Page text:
CHANGCHUN, July 2 -- Newly sorted archives in northeast China's Jilin Province have revealed the Japanese army's indiscriminate bombing of southwest China's Chongqing Municipality and other cities during its invasion 75 years ago.
The documents, released by the Jilin Provincial Archives on Wednesday, show the Japanese army ordered mass bombings in Chongqing for three consecutive days in the summer of 1939.
An archived Japanese monthly newspaper from September 1939 recorded in detail that eight children were killed, over 10,000 people injured, 30 households burnt down, and one fifth of the city was destroyed during the campaign.
Another such monthly newspaper from June 1939 recorded that Japanese bombers attacked a region inhabited mainly by non-combatants by dropping more than 1,000 bombs, causing lots of fires and countless deaths.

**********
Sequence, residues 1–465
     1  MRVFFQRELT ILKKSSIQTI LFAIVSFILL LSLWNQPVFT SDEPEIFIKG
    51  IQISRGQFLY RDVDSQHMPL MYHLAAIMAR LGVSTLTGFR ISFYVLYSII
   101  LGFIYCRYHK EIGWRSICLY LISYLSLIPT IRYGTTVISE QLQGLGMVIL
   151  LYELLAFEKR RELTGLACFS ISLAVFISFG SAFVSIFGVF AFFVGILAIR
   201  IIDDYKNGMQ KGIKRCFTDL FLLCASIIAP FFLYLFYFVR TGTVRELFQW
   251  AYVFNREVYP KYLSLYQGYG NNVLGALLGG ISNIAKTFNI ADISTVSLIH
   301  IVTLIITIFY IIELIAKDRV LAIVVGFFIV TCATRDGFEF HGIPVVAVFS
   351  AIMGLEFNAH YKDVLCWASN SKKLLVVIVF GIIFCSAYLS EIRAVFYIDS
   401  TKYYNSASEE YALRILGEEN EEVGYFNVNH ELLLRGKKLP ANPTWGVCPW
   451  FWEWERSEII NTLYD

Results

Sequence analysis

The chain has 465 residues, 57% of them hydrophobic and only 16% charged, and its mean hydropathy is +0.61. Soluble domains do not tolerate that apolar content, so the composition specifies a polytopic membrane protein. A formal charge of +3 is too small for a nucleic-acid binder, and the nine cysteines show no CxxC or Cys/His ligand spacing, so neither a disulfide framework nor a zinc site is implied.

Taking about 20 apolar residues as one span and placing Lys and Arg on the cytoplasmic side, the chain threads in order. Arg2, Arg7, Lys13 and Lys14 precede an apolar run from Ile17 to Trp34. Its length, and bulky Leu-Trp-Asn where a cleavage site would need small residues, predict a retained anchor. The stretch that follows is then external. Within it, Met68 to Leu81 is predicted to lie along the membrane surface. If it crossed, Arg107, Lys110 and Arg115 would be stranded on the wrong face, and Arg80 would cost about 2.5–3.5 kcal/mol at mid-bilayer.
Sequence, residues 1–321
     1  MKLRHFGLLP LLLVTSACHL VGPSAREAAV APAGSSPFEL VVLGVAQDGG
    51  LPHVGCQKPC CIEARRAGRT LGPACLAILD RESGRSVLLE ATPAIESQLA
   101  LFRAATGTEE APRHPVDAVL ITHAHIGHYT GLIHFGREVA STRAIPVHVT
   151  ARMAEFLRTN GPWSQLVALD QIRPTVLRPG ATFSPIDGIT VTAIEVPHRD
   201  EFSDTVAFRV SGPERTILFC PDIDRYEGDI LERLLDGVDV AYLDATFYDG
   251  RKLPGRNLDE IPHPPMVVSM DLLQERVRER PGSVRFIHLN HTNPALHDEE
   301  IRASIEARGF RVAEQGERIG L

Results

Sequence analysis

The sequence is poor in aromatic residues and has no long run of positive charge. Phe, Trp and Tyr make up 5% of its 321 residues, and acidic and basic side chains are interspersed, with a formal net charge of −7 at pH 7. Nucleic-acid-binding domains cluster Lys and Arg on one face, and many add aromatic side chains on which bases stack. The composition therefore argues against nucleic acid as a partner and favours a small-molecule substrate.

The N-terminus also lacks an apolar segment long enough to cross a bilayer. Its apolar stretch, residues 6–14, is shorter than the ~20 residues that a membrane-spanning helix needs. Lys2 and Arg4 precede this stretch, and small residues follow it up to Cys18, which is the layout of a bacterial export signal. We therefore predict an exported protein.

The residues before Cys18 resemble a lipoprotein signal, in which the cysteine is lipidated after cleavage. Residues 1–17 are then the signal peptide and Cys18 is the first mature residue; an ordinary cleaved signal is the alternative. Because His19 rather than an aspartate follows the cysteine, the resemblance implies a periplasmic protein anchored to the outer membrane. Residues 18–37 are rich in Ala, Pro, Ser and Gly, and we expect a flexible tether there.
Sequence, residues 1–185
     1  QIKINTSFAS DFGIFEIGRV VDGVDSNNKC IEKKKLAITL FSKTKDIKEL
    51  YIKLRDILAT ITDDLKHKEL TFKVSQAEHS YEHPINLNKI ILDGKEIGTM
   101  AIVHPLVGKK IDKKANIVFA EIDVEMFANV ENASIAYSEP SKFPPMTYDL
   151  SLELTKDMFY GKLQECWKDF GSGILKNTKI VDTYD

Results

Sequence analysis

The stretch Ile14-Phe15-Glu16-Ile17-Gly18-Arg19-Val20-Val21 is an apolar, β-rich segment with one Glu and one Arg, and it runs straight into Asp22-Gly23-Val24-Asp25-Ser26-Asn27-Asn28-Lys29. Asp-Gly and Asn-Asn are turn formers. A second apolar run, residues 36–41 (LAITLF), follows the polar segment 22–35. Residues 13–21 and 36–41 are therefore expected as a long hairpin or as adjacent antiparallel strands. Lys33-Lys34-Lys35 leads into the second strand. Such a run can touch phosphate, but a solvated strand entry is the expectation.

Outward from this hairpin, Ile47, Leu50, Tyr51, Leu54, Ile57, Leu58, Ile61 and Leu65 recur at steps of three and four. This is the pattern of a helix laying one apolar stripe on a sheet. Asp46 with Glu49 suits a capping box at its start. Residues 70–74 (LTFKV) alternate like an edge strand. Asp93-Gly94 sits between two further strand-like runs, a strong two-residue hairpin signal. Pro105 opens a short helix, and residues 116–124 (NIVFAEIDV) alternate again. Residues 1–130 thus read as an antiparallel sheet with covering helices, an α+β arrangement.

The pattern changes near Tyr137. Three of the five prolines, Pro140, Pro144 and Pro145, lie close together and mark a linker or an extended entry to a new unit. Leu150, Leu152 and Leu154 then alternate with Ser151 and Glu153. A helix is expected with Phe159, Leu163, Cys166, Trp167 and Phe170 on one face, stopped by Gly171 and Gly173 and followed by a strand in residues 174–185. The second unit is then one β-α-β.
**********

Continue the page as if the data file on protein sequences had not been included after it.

The Japanese bombing also hit the Chinese cities of Changsha, Yangzhou, and Yichang, according to the archives.
The Jilin Provincial Archives has recently released 450 wartime documents revealing atrocities Japanese troops committed in China during World War II. These documents, including 45,000 letters, were all recorded in Japanese during the period from 1937 to 1945.
The files were collected by the Japanese military police during its invasion of China, said Yin Huai, president of the Jilin Provincial Archives.
They secretly checked publications and letters, telegrams, phone conversations between Japanese servicemen, Japanese immigrants and other foreign nationals, and then copied and filed those detailing the Japanese army's atrocities and details about the war so as to report to the Japanese high military commanders before deleting, seizing or burning the records, Yin said.
Yin said these documents were vivid evidence based directly on the experiences of Japanese invaders and were compiled by the Japanese military police themselves, making them original, real and objective.